Eye For Film >> Movies >> Black And White (2002) Film Review
South Australia in the Fifties was more English than the English, especially in matters of class and race. When a nine-year-old white girl was discovered raped and murdered in a cave along Ceduna Beach, the police picked up a transient, illiterate aboriginal and charged him with the crime.
There are shades of To Kill A Mockingbird, without the passion or the drama or the whole Southern mystique. The problem with Craig Lahiff's film, based on a true incident, is that it reverts to a battle of legal niceties, with the prosecuting council (Charles Dance) representing the Establishment and the defence lawyer (Robert Carlyle) representing small time solicitors.
As a David and Goliath struggle, Dance is stereotyped as a straight-backed, arrogant snob and Carlyle as an honourable man out of his depth. The question of guilt hangs on whether the police hauled in the nearest stray abo and beat a confession out of him, or whether Max Stuart (David Ngoombujarra) did indeed kill the girl. The way the story is told leaves you in little doubt.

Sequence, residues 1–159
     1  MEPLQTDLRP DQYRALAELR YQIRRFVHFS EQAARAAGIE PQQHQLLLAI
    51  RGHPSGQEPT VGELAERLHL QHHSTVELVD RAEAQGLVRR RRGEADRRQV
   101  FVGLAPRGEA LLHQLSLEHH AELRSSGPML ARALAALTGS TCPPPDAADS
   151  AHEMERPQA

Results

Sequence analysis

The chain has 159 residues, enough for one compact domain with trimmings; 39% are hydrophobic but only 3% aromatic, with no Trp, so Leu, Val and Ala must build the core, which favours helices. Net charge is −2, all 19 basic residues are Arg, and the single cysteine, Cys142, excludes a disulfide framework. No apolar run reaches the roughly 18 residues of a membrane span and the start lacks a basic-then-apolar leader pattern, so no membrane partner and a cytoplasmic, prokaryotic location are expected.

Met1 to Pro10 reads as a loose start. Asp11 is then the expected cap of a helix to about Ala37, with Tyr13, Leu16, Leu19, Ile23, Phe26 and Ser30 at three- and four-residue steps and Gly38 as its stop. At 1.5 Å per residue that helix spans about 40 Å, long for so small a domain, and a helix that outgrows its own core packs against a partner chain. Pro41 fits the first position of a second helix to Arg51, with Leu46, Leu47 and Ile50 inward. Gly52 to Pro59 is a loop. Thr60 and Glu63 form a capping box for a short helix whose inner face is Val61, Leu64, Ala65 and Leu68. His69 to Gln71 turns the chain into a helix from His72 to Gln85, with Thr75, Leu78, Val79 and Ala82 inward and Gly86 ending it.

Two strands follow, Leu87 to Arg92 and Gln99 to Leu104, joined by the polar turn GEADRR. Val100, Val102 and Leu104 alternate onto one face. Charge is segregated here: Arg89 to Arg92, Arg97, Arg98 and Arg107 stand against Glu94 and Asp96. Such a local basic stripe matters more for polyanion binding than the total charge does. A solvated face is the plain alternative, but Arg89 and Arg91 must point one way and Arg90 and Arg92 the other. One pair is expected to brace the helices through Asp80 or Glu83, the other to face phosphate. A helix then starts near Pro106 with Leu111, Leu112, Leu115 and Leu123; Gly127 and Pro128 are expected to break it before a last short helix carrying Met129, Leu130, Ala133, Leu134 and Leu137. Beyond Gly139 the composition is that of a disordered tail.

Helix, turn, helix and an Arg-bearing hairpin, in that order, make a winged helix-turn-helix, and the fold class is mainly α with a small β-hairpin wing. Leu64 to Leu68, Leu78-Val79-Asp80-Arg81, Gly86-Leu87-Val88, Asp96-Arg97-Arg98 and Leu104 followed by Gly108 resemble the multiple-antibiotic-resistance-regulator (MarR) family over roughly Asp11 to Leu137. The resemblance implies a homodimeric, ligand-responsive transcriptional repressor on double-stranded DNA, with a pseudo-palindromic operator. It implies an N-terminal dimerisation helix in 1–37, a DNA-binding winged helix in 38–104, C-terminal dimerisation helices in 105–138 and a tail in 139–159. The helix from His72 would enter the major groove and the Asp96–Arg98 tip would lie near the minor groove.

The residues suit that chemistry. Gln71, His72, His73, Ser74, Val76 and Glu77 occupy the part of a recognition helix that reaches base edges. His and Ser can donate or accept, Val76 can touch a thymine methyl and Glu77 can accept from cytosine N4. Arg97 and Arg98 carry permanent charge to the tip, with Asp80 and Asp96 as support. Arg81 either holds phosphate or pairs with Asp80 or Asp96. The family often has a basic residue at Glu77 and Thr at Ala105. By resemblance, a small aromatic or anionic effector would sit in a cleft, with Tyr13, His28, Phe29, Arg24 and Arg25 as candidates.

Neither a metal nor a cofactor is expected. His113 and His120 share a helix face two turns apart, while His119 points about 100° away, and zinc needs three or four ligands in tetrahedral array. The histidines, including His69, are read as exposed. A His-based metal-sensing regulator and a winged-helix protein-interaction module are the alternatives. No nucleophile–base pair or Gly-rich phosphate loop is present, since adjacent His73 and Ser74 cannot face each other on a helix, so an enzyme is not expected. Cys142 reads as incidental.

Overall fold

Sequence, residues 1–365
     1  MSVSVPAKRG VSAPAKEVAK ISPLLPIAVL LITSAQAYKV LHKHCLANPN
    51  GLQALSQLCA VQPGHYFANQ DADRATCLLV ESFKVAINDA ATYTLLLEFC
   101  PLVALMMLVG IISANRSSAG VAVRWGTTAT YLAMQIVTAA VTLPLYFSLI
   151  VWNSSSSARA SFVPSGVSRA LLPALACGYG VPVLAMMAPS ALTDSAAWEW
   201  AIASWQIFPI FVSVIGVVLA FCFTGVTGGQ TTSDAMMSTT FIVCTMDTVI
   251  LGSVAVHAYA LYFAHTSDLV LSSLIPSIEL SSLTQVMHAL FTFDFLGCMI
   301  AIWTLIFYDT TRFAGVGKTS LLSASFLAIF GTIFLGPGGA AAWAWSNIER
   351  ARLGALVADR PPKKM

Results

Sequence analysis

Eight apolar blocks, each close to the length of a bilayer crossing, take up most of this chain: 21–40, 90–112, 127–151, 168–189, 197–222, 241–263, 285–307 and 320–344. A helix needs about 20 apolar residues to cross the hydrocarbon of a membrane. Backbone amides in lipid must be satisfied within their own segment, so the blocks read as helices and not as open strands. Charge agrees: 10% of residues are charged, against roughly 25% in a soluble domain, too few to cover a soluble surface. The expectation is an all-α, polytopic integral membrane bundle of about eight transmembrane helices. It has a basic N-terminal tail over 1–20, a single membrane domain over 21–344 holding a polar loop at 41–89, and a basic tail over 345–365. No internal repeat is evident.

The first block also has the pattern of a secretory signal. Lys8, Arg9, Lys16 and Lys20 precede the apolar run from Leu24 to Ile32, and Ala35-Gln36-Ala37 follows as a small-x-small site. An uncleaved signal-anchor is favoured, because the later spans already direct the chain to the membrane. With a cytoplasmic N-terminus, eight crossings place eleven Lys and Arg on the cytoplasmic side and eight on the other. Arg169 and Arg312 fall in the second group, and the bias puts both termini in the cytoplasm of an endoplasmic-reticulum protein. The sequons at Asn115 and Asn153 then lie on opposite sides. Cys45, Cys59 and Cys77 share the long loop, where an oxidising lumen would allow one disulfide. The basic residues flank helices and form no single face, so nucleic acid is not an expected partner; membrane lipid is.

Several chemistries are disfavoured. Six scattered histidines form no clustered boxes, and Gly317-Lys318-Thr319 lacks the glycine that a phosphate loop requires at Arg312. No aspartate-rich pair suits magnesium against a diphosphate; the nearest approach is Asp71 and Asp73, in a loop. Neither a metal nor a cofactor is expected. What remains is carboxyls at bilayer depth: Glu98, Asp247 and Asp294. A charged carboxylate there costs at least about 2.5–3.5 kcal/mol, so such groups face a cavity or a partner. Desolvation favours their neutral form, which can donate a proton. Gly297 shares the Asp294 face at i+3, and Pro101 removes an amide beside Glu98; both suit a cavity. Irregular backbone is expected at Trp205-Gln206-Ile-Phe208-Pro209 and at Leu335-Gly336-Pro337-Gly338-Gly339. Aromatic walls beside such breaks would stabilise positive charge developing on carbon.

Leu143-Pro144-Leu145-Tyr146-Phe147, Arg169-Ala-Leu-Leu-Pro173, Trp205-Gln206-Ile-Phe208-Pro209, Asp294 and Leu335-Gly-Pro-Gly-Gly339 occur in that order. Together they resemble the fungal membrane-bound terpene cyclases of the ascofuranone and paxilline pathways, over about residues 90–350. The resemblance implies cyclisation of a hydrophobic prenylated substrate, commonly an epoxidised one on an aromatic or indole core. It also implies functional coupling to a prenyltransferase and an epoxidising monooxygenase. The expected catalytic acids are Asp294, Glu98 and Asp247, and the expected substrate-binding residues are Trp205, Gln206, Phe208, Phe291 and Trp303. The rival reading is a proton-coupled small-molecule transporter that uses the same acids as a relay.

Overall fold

Deeply racist and cynical, the story switches from a little lawyer fighting the system to save a black man from the gallows to the wider political implications of the case, involving parliament and the Prime Minister. Those were the days when to question the word of a policeman in court was to put the future of your business in peril.
The performances fill the space between appeals and commissions with enough sincerity to retain your interest. Kerry Fox has a raw deal. As Carlyle's partner in the law firm, she has to be persistently pessimistic, while giving the whisky bottle a hammering.
Justice has never had good press, but this time Rupert Murdoch (Ben Mendelsohn), of all people, is given the role of champion of the underprivileged. Can you believe it?Reviewed on: 08 Jan 2004
If you like this, try:Rabbit-Proof Fence